She was born into a turbulent Detroit household, with an abusive father who was murdered when she was 18. Her mother encouraged her to become a nurse. A relative once described her as being “a very weird child, even from birth, living in a wonderland, a dream.” Donyale Luna created her own dream. She made up a story to hide her painful upbringing, denied the reality revealed on her birth certificate and claimed that her biological father’s last name was Luna, and her mother was Mexican. Her grandmother became an Irishwoman who married a black interior decorator. And so the stage was set for this extraordinarily beautiful and troubled woman, whose created identity helped to bring her fame and fortune and all of the trappings that come with those things.
She was discovered by photographer David McCabe, and left Detroit behind for the lights of New York City. From all accounts, her rise was meteoric. A sketch of her appeared on the cover of Harper’s Bazaar in 1965, and Richard Avedon signed an exclusive contract to photograph her.
Time Magazine published an article about her, titled The Luna Year. The article already reveals the trouble she was already beginning to encounter: “A month after hitting New York, she married a young actor, divorced him after ten months, and now will not even give his name. “I love New York,” she says. “But there were bad things. People were on drugs or hung up on pot. There was homosexuality and lesbianism and people who liked to hurt.” Unhappy with that world but unwilling to give it all up and head back to Detroit, she fled to London and Paris last December.”
In 1966, she became the first African American model to appear on the cover of Vogue magazine, a photograph in which she covered her whole face with her hand, except for her boldly outlined eye. Reportedly, that shot was chosen so as to not offend the magazine’s regular readership.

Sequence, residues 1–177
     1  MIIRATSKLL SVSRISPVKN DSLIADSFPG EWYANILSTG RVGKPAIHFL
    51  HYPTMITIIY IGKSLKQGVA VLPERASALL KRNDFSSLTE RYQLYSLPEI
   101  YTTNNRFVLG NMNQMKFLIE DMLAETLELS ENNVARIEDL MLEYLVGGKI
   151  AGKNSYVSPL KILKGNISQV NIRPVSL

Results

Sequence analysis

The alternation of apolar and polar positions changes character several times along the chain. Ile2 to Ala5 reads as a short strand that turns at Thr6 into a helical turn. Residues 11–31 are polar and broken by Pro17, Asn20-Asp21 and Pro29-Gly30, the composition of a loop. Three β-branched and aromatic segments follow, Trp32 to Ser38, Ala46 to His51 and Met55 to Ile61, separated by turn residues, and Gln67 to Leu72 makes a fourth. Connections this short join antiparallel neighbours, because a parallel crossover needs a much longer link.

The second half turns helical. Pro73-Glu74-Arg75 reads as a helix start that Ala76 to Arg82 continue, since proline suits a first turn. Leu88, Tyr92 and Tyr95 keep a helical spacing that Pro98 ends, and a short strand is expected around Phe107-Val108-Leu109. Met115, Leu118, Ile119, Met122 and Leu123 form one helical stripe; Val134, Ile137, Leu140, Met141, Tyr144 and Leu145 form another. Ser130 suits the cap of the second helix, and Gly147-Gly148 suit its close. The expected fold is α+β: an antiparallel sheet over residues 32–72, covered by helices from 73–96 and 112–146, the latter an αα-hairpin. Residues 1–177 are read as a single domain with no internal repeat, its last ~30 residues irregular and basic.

Donyale Luna saw her heritage as a thorn in her side. She was known to wear blond wigs and obvious green contact lenses. The journalist Judy Stone wrote a profile for the New York Times in 1968, titled “Luna, Who Dreamed of Being Snow White,” and described her as “secretive, mysterious, contradictory, evasive, mercurial, and insistent upon her multiracial lineage — exotic, chameleon strands of Mexican, American Indian, Chinese, Irish, and, last but least escapable, Negro.”
When pressed about her African American identity and influence, Luna bristled. When interviewed about her groundbreaking roles in popular films, including the Rolling Stones Rock and Roll Circus, Fellini’s Satyricon, and Andy Warhol’s Camp, and asked about the fact that she was breaking down doors for her sisters to follow, Luna retorted, “If it brings about more jobs for Mexicans, Chinese, Indians, Negroes, groovy. It could be good, it could be bad. I couldn’t care less.“
By the swinging sixties, she was living it up in London and hanging with the Rolling Stones. She expressed her love for LSD, saying “I think it’s great. I learned that I like to live, I like to make love, I really do love somebody, I love flowers, I love the sky, I like bright colors, I like animals. [LSD] also showed me unhappy things — that I was stubborn, selfish, unreasonable, mean, that I hurt other people.” Unprofessional behavior proved to unravel her illustrious career. In a New York Times interview, Beverly Johnson complained about Luna’s wacked-out mannerisms, saying “[she] doesn’t wear shoes winter or summer. Ask her where she’s from — Mars? She went up and down the runways on her hands and knees. She didn’t show up for bookings. She didn’t have a hard time, she made it hard for herself.”
She appeared nude in Playboy in April 1975, as photographed by her lover Luigi Cazzaniga. Today, Luna is survived by a daughter, Dream Cazzaniga, who works as a professional dancer in Italy. I was able to find only this photo. She is just as beautiful as her mother.
Hopefully more people will learn about her when Jennifer Poe’s documentary about Luna and Pat Hartley, the only black women to be part of Andy Warhol’s Factory, is finally released. For now, if you want to learn more about the mysterious and tragic beauty, visit this amazing website, which was my source for these beautiful photos. Also, there’s a teeshirt of her Warhol screen test on sale for $43.99 at Rock Rebel.
Donyale Luna died in 1979, of an accidental pill overdose in Rome. She was just 33 years old. Despite her tremendous fame in the Sixties and Seventies, today, Donyale Luna’s groundbreaking legacy is primarily remembered by the African American community, the very community she sought to distance herself from her whole life.